|Gender||Patient gender (female or male)||Level 2 parameter|
|Age_Group||Age group of infected patients||Level 2 parameter|
|Age_Class||Age class of infected patients||Level 2 parameter|
|Notif_Date||Case notification date||Level 2 parameter|
|Dep_Num||The number of the department||Identifier|
|Desig_Dep||The designation of the department||Weak attribute|
|Region||The number of the region||Level 2 parameter|
|Desig_Region||The designation of the region||Weak attribute|
|Country||The country||Level 3 parameter|
|Id_Date||The id of the date||Identifier|
|Day||Day of the date||Level 2 parameter|
|Month||Month of the date||Level 3 parameter|
|Trimester||Number of the quarter of the date||Level 4 parameter|
|Week||Week number of date||Level 4 parameter|
|Semester||Number of the semester of the date||Level 5 parameter|
|Year||Year of date||Level 6 parameter|
|Hosp_Id||The id of the hospitalization||Identifier|
|Hosp_Type||The hospitalization type i.e. normal hospitalization, at home or in intensive care||Level 2 parameter|
|Service||The service of the hospitalization||Level 2 parameter|
Each attribute not chosen as a measure can be a parameter for a dimension specially the categorical attributes.
6.2.1Determination patient dimension parameters
The patient information is given from Source2 (sexe and cl_age90) and Source3 (nb_test, nb_pos_test and clage_covid).
The Patient dimension is described by all of the information relating to a patient. So, we obtain five hierarchies (h-Type_Pat, h-Gender, h-Age_Group, h-Age_Class, h-Notif_Date). In fact, each attribute (other than identifier) represents a parameter in dimension. It should be noted that all hierarchies of the same dimension share the identifier as well as its weak attributes. Table 3 illustrates the set of attributes making up the Patient dimension (column 1), the description of each attribute (column 2) and the type of each attribute (column 3). The categorization of the concepts presented in the third column of Table 4 allows us to define the different hierarchy. Figure 9a illustrates the Patient dimension according to the DFM formalism .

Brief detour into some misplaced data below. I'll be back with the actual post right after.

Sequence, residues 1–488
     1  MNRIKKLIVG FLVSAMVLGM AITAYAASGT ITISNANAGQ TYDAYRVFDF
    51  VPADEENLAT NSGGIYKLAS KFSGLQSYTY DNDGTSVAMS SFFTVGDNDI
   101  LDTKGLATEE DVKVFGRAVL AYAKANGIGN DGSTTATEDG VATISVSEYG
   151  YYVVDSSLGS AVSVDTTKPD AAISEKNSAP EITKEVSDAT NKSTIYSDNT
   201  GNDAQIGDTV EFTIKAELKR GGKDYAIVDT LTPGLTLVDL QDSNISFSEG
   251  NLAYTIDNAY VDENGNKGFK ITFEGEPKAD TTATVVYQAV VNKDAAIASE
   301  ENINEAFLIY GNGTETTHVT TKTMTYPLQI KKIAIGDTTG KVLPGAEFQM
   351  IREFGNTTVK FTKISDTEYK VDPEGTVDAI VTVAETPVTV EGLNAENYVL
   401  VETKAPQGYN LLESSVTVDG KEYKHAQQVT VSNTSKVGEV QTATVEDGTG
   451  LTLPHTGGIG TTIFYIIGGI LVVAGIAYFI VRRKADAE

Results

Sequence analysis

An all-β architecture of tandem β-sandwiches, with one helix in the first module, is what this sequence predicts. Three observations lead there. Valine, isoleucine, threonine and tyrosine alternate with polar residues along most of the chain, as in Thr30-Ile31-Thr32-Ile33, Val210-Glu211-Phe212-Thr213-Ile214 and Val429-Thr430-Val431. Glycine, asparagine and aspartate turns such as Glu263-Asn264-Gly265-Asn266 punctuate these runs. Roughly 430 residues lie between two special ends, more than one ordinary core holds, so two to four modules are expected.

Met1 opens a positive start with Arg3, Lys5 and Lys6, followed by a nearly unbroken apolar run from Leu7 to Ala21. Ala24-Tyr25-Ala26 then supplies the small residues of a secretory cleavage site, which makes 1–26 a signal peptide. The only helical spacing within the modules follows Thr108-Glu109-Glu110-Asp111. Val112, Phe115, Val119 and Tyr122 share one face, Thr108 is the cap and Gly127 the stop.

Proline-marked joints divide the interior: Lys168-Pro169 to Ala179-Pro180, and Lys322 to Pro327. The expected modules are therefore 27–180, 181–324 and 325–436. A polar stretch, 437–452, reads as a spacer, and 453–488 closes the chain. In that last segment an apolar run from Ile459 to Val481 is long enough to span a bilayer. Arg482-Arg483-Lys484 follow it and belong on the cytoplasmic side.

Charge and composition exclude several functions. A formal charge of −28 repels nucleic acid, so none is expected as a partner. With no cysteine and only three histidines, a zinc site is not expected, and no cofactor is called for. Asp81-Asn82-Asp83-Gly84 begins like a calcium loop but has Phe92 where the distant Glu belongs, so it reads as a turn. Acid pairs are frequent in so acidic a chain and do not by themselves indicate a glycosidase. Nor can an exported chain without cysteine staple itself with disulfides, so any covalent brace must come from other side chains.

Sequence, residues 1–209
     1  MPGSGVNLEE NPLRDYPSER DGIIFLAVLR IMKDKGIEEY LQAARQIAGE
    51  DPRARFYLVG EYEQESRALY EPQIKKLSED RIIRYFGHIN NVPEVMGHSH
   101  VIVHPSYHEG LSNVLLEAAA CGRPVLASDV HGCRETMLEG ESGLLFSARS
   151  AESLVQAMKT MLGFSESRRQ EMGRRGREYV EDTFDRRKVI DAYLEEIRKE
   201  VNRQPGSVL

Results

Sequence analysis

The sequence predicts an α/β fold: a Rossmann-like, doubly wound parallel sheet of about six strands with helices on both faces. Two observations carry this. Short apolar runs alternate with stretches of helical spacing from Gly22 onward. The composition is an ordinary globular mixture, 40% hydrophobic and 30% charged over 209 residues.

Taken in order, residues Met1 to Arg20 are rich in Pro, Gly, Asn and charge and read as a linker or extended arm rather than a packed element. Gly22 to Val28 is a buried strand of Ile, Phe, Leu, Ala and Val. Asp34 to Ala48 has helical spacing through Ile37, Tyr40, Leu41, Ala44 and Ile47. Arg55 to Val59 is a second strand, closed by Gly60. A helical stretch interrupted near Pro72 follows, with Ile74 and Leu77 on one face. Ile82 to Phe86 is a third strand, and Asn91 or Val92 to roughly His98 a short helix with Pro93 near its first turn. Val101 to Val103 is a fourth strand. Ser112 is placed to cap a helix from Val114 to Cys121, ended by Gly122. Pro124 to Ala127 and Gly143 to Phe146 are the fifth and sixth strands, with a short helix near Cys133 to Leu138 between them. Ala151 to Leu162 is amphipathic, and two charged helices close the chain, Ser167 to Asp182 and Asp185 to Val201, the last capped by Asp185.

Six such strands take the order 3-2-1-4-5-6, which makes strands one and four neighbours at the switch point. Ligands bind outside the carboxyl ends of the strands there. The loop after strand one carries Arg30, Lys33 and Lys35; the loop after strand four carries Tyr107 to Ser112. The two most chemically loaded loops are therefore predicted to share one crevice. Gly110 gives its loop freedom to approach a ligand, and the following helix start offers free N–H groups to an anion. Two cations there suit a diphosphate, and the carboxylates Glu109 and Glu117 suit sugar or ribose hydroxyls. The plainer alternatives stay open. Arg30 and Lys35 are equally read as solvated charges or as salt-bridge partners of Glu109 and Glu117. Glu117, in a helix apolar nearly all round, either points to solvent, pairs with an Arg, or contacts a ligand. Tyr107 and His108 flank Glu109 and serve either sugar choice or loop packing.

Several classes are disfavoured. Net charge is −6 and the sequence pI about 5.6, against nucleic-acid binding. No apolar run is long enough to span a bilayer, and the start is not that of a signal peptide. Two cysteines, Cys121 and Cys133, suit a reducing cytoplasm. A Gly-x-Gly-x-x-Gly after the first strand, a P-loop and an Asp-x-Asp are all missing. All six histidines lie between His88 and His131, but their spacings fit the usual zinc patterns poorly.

6.2.2Determination geographical dimension parameters
All geographic information is disseminated from Source2. This information is: dep, reg, Numéro, Département, Région.
This dimension has three parameters (Dep_Num Region, Country) forming a single hierarchy and two weak attributes (Design_Dep, Design_Region). This hierarchy is also related to the Patient dimension. Table 5 illustrates the set of attributes making up the Geographical dimension. Figure 9b illustrates the Geographical dimension according to the DFM formalism .
6.2.3Determination date dimension parameters
The date is an information that is saved in each record of the data source. The date dimension is a mandatory dimension for analysis and interrogation. The definition of the granularity of the date dimension is based on the need of decision makers, i.e. according to which granularity leads its analyses. Table 6 shows all the set of attributes composing the date dimension. In our example, the analyses are done by Day, Month, Week, Quarter, Semester and Year. Figure 9c illustrates the date dimension according to the DFM formalism .
6.2.4Determination hospitalization dimension parameters
The Hospitalization information is saved in Source1 and Source2. From Source1, we used all fields of hospital data and from Source2 we use the following fields: hosp, rea, rad, incid_hosp, incid_rea, incid_rad.